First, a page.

I get a kick from knowing that in the middle of the school day, I played a part in helping them, that maybe they were reminded that somebody cares enough to know they are currently off prawn cocktail flavour.

That somebody cared enough to wash out the little tupperware tub that smelled mildly of yesterday's strawberries, and is going to have cucumber today. That somebody didn't bang on that they didn't eat the cheese thing in a plastic tube, but instead made a mental note they don't like the cheese thing in a plastic tube.

There is a lot of love in a packed lunch, even if there isn't always 100% nutritional needs. 

One child we look after had to be taken to Contact with her mother once a week. The woman had been advised by Social Services to bring some food for the child to eat during Contact, it's a standard suggestion. A bonding exercise. So what did the woman do? She racked her brains to remember what the child's favourite food was, then on the morning of Contact she would lovingly prepare it in her kitchen, assembling and arranging a mouthwatering package of tasty, nutritious, attractive fare which would gladden the child's heart.

No she did not.

She called into the cheapo off licence-come-corner-shop en route to Contact and bought a £1 sandwich consisting of bargain white bread, a smear of fish paste and a couple of thin bits of cucumber, sealed in plastic. And a stick of bubble gum. She gave it to the child in the shop's flimsy carrier bag.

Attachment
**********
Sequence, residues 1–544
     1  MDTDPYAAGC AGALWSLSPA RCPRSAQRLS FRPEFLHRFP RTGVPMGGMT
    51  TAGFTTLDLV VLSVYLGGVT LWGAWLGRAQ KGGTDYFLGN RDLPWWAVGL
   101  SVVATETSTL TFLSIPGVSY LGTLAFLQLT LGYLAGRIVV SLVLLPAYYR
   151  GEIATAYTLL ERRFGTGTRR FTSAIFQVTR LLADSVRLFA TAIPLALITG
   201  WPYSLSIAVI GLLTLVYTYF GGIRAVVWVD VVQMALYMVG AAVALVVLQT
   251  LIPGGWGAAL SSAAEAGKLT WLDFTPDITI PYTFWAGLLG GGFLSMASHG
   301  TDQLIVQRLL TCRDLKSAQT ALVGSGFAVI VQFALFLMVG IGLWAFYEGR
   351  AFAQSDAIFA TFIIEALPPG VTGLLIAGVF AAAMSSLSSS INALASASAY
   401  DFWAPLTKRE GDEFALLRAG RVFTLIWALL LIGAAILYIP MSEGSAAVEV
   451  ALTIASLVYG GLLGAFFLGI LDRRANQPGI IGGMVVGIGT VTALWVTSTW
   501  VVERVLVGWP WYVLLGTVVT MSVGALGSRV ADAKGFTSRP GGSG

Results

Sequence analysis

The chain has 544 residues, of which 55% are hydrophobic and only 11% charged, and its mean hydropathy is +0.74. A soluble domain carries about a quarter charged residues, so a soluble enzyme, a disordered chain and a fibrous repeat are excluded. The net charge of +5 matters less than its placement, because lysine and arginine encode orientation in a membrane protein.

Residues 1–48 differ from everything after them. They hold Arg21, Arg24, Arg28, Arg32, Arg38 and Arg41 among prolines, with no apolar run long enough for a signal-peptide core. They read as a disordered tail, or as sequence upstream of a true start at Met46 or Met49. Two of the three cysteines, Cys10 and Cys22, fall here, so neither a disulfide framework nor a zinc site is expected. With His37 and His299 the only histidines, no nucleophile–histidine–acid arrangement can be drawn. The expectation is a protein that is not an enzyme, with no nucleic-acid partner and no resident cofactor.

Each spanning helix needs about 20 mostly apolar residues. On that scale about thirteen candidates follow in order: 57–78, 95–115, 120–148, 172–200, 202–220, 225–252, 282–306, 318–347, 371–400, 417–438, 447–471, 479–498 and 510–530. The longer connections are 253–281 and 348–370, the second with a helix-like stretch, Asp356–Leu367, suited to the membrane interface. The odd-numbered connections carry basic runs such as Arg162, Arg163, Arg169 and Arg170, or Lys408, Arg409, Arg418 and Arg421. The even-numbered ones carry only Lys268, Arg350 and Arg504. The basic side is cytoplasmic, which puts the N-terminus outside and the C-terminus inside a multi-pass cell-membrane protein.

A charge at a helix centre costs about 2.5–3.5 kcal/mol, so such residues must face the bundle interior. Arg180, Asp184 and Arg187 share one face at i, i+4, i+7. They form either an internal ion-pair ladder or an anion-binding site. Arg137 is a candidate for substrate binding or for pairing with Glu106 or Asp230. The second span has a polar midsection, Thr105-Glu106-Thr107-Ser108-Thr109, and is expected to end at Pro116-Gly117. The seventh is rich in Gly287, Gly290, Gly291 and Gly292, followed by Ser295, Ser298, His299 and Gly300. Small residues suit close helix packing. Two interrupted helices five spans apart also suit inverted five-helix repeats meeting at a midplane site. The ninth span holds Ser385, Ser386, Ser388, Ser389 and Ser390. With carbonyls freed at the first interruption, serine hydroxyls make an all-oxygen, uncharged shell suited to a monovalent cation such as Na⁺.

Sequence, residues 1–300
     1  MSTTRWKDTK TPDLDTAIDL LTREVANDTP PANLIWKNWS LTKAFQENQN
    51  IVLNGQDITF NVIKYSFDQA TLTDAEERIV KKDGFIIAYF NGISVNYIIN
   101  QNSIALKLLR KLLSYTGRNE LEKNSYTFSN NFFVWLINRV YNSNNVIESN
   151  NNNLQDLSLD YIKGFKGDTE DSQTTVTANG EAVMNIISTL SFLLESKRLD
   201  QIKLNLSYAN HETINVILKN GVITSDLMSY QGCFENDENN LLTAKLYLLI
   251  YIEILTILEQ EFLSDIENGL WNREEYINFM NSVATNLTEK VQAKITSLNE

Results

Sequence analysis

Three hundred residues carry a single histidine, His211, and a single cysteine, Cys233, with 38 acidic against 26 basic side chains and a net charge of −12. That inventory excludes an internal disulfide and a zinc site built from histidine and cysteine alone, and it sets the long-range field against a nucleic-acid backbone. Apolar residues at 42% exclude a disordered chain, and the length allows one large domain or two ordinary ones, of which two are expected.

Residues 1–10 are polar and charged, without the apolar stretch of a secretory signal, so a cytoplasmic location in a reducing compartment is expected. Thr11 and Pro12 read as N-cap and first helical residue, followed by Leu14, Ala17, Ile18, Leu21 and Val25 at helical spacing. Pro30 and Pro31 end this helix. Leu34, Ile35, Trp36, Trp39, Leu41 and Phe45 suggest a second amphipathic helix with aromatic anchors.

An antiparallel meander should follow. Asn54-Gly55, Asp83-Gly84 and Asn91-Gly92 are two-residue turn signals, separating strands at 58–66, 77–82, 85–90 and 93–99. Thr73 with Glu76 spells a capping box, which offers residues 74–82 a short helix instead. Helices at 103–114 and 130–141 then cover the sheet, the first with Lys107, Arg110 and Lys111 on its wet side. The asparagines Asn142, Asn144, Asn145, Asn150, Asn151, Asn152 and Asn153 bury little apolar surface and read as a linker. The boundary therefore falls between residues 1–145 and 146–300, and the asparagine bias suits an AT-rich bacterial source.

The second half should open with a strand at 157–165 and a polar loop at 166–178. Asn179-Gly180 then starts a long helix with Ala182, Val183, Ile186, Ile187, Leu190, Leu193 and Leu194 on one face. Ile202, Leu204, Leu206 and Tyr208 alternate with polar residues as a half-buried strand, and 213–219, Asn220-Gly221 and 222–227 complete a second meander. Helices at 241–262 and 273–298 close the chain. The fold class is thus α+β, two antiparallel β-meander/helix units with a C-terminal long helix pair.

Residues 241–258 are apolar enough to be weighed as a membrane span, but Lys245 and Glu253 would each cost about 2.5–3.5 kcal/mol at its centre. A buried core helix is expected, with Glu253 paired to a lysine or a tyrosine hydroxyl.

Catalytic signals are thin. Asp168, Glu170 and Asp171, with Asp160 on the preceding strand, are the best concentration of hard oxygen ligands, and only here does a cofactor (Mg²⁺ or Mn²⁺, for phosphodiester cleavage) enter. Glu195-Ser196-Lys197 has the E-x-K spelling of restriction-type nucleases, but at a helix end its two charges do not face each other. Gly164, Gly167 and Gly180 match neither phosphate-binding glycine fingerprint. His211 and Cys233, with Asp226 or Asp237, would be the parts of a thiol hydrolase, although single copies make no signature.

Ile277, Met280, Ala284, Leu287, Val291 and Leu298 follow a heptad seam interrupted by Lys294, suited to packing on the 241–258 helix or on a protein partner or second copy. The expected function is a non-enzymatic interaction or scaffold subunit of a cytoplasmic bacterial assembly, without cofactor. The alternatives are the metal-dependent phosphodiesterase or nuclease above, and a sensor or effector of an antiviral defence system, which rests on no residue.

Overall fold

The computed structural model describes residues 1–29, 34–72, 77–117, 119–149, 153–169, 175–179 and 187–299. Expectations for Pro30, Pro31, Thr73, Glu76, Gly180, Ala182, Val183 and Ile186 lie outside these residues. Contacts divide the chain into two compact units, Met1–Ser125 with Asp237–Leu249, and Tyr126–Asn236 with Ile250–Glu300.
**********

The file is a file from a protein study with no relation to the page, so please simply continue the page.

It was her way of reminding the child how worthless the mother thought the child was. How little she cared. 

If that's the best the woman could do under scrutiny, when her actions are being examined, when she's on her best behaviour, is it any surprise you could see the child's blue veins criss-crossing her pencil-thin legs beneath her translucent skin?

You'll be pleased to know the mother is not getting the child back, though not because of  her starving the child. There was other stuff that would make you feel faint.

The child now enjoys her packed lunch so much she doesn't eat it. 

Yes, she prefers to nibble a few bits of it at lunchtime, then spend the rest of the day knowing food is available to her, food she owns and likes. Her private stash. She eats a good breakfast so she's fine to do this, I've been through this with Blue Sky and her school; she's free to use her food to satisfy something that runs deeper than feeling peckish. I sometimes wonder if she is subconsciously resisting destroying something that symbolises her new found security and freedom, because the minute she gets in the car to come home, she opens her lunch and finishes it. And the minute we get home, she asks for something to eat.

So let's keep options open please, let parents be free to meet their children's needs.